• Fri, 06/19/2015 - 15:38

    Although not a new phenomenon in China, the issue of left-behind children has been thrust into the spotlight once again after four left-behind children aged between five and 13 died after swallowing pesticide in Guizhou Province. The horrific news caused shockwaves across the country, but it also triggered a much-needed debate on the topic of left-behind children’s psychological well-being.

  • Fri, 06/12/2015 - 11:51

    une 12 marks the International Labour Organization’s (ILO) World Day Against Child Labor. With approximately 168 million children still engaged in child labour worldwide, the way ahead is long and challenging. However, there are many things – big and small – that companies can do to protect and support children and youth.

  • Fri, 06/05/2015 - 14:50

    In the lastest edition of Dragon News – a quarterly publication by the Swedish Chambers of Commerce in China and Hong Kong – CCR CSR Exective Director Ines Kaempfer talks about how left-behind children in China impact businesses and why more companies should take steps to address child rights in their operations.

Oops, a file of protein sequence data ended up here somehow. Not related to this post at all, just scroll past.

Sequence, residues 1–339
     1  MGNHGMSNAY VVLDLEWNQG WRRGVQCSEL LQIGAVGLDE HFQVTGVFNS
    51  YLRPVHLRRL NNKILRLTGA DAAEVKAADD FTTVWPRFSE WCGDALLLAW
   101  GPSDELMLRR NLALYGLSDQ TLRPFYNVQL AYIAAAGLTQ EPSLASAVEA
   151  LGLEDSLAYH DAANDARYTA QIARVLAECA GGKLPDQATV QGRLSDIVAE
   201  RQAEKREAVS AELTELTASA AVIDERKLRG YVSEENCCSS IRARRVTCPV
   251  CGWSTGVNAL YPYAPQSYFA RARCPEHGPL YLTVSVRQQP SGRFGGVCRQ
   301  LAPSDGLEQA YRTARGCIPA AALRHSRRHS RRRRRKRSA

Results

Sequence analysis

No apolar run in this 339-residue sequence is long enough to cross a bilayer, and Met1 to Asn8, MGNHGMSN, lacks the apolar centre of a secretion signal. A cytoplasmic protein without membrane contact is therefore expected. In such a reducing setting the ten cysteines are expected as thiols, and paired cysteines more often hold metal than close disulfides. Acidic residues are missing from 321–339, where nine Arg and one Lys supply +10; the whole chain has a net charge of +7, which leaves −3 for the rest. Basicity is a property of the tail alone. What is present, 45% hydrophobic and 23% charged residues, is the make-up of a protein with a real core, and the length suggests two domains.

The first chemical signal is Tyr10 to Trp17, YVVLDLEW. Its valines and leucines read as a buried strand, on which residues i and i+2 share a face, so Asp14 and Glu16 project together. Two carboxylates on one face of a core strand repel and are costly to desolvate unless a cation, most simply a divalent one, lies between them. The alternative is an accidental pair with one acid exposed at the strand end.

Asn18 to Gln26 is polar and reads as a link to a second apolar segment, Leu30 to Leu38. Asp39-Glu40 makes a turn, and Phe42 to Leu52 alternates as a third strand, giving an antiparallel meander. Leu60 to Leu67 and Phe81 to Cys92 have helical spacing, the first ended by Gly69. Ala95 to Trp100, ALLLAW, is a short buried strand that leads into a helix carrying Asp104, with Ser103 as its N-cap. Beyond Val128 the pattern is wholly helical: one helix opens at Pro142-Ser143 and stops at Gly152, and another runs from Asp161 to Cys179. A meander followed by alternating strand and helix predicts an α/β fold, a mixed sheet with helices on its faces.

• Tue, 06/02/2015 - 09:48

    Ten, even 20 years ago, young people were flocking to industrial areas to capitalize on the reforms that spurred China’s economic growth and catapulted it onto the world’s economic stage. Faced with little to no job prospects in their villages, people were eager and willing to do mundane jobs with long working hours and little pay. But those times have changed. As highlighted in a recent article published in China Daily, the average age of workers in China is on the rise – a trend that’s causing concern among economists and factories alike.

  • Tue, 05/12/2015 - 16:26

    Save the Children and Ufadhili Trust released the findings of a survey titled “Rethinking Parenting for Economic Migrants in East Africa: CSR Perspectives.” The survey, which displays striking parallels to a study conducted by CCR CSR on migrant parents in China, focuses on the private sector in Kenya, Uganda and Rwanda, and delves into the impact of parental migration on the parents themselves.

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